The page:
She has won several short story awards and her first collection The House on Parkgate Street and other Dublin stories was published in 2013. Her first play, Snow Angels premiered at the Project Theatre Dublin in 2014 and the text of same is published in March 2015 (New Island Books). The Lives of Women is her seventh novel. She is a member of Aosdana.

I loved this book. Christine Dwyer Hickey writes such beautifully poised prose. Flawed lives played out in a postcard perfect setting.
Graham Norton

With a beguiling grace and a deceptive simplicity, Christine Dwyer Hickey reminds us that the past is never far away - rather, it constantly surrounds us, suspends us, haunts us. This is a brilliant portrait of America as we journey with Edward Hopper and his marvellously eccentric wife, Josephine Nivison, through the years shortly after the Second World War. Two young boys, one German, one American, negotiate the ongoing perils of loss, while Hopper's wife poses searing questions, and Hopper himself attempts answers on canvas. The world, as so powerfully evoked by Christine Dwyer Hickey, is bridged by small acts of mercy and hope.
Colum McCann

Everything about the writing is so carefully balanced - thought and action, feeling and movement, drama and suspense. She leaves space on the page, giving her characters the freedom to behave unexpectedly and to occupy the mind of the reader even when they are offstage. It is a long time since I have read such a fine novel or one that I have enjoyed quite so much.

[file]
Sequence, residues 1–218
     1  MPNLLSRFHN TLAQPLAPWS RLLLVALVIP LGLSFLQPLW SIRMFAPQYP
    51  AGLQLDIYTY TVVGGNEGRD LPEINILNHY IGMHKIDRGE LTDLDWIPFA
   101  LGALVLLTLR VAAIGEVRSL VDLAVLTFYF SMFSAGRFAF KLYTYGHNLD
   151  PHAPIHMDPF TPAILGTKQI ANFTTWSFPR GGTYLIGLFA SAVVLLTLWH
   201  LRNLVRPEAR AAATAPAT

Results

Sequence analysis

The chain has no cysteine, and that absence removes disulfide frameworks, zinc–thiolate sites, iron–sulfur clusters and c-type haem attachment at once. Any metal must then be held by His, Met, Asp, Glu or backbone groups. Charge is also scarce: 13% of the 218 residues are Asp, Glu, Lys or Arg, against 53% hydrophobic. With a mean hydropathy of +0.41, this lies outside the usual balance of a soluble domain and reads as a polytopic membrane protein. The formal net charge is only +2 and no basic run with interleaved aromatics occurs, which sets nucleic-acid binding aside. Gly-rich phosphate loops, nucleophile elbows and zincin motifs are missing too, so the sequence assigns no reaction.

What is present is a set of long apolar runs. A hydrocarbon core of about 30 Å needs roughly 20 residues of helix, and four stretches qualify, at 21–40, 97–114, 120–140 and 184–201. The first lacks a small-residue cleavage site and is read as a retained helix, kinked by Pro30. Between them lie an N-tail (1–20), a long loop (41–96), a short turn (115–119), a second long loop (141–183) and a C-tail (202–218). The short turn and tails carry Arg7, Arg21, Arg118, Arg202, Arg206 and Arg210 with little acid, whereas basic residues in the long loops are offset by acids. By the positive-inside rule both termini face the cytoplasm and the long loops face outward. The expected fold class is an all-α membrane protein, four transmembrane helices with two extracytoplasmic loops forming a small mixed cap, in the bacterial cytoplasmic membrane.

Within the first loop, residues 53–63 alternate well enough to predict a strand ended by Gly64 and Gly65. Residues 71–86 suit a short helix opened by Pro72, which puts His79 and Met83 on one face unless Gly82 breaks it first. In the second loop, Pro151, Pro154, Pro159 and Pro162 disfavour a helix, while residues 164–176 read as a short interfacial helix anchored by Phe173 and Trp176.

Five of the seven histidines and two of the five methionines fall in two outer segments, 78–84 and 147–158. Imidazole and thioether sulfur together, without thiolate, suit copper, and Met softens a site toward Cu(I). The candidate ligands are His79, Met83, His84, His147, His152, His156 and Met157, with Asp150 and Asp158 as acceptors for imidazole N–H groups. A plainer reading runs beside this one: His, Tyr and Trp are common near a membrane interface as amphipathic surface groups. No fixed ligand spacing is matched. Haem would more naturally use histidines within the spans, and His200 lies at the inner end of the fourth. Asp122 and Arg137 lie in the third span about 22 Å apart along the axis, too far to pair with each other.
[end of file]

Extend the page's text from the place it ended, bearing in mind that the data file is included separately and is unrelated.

Irish Times

Tender
The Times Literary Supplement

Christine Dwyer Hickey's breathtakingly beautiful novel The Narrow Land is about the marriage of Edward Hopper and his wife, Josephine, but builds into a meditation on all marriages and on creativity, in sentences that have the poise and beauty of a great picture.
The Times

The novel is set up like an artwork itself, with broad brushstrokes and fine lines, layer upon layer, scene upon scene...This is no plot-driven page-turner, rather a slow, ethereal thing, where you stop after each paragraph and let the achingly beautiful words resonate. You feel the weight of history but with a lightness of touch.
Irish Independent

Hickey's writing is gorgeously lyrical, whether describing the beauty of the Massachusetts landscape or the often painful life of the creative soul...like an American version of Kazuo Ishiguro's The Remains of the Day. It's beguiling and compelling.
Sunday Business Post

[Christine Dwyer-Hickey] is nuanced and exceptional at character and voice.
Sinad Gleeson, Twitter

A wonderful read - thought provoking and compelling - and, to my mind, Christine's best to date.
Irish Examiner, praise for The Lives of Women

A big, bold, remarkably assured narrative... A powerfully accomplished work of art.
Joseph O'Connor, Guardian, praise for Last Train to Liguria

Beautiful and heartbreaking.
Independent on Sunday, praise for Last Train to Liguria

Stunning... Extraordinary.
Independent on Sunday, praise for Cold Eye of Heaven

A beautifully written novel... that confirms Hickey's status as a major talent.
Mail on Sunday, praise for Last Train to Liguria

[Christine Dwyer Hickey's] writing shows a deep understanding of human weakness, longing and regret.
Laois Today

Type
BOOK
Edition
1st paperback ed
Keyword Index
Cape Cod (Mass.) - Fiction.
Country of Publication
England
Number of Pages
370